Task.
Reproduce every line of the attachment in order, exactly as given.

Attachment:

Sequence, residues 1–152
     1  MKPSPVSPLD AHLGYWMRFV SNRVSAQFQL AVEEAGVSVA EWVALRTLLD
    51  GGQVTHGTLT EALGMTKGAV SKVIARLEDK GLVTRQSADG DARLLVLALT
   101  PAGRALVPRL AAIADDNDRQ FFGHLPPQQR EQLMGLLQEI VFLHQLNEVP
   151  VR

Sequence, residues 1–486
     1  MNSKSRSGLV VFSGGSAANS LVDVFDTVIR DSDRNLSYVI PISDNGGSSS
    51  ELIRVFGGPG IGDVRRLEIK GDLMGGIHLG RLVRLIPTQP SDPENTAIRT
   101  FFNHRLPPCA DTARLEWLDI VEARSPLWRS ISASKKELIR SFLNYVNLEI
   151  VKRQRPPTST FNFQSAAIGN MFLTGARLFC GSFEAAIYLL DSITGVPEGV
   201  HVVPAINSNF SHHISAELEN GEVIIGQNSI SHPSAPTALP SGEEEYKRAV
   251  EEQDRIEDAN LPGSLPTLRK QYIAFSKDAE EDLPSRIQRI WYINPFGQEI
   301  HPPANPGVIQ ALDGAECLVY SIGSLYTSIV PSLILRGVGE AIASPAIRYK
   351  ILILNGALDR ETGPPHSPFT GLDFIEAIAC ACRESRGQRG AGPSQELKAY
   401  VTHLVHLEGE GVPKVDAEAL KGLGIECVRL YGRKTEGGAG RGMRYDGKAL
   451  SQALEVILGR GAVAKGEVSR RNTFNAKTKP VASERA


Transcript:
Sequence, residues 1–152
     1  MKPSPVSPLD AHLGYWMRFV SNRVSAQFQL AVEEAGVSVA EWVALRTLLD
    51  GGQVTHGTLT EALGMTKGAV SKVIARLEDK GLVTRQSADG DARLLVLALT
   101  PAGRALVPRL AAIADDNDRQ FFGHLPPQQR EQLMGLLQEI VFLHQLNEVP
   151  VR

Sequence, residues 1–486
     1  MNSKSRSGLV VFSGGSAANS LVDVFDTVIR DSDRNLSYVI PISDNGGSSS
    51  ELIRVFGGPG IGDVRRLEIK GDLMGGIHLG RLVRLIPTQP SDPENTAIRT
   101  FFNHRLPPCA DTARLEWLDI VEARSPLWRS ISASKKELIR SFLNYVNLEI
   151  VKRQRPPTST FNFQSAAIGN MFLTGARLFC GSFEAAIYLL DSITGVPEGV
   201  HVVPAINSNF SHHISAELEN GEVIIGQNSI SHPSAPTALP SGEEEYKRAV
   251  EEQDRIEDAN LPGSLPTLRK QYIAFSKDAE EDLPSRIQRI WYINPFGQEI
   301  HPPANPGVIQ ALDGAECLVY SIGSLYTSIV PSLILRGVGE AIASPAIRYK
   351  ILILNGALDR ETGPPHSPFT GLDFIEAIAC ACRESRGQRG AGPSQELKAY
   401  VTHLVHLEGE GVPKVDAEAL KGLGIECVRL YGRKTEGGAG RGMRYDGKAL
   451  SQALEVILGR GAVAKGEVSR RNTFNAKTKP VASERA